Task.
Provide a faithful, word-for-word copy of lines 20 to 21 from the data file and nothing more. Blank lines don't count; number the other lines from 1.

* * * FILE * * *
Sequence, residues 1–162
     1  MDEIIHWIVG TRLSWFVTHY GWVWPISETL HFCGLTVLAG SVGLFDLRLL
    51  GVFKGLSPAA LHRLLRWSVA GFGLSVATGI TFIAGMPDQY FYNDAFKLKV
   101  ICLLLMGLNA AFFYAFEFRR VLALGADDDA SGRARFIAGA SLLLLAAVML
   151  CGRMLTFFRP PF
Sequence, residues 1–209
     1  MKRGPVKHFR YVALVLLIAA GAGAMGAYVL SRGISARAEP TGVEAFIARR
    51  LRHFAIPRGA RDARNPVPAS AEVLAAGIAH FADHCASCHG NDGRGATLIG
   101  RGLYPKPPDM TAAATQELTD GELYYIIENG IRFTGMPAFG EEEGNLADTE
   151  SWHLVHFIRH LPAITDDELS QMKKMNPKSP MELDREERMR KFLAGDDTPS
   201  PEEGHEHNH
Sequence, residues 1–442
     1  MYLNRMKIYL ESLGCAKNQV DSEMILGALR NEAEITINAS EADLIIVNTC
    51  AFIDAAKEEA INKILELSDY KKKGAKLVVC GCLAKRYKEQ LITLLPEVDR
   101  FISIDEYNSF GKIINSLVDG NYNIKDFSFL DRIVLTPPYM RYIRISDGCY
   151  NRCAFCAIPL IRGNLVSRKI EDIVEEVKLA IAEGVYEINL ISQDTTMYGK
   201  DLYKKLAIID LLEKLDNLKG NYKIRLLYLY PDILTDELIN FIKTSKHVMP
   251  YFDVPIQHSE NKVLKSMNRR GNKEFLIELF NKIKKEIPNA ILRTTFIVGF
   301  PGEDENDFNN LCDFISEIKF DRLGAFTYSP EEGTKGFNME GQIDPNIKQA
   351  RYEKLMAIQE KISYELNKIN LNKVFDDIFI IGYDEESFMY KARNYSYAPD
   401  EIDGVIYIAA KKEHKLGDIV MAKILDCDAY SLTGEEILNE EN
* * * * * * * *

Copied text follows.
   351  RYEKLMAIQE KISYELNKIN LNKVFDDIFI IGYDEESFMY KARNYSYAPD
   401  EIDGVIYIAA KKEHKLGDIV MAKILDCDAY SLTGEEILNE EN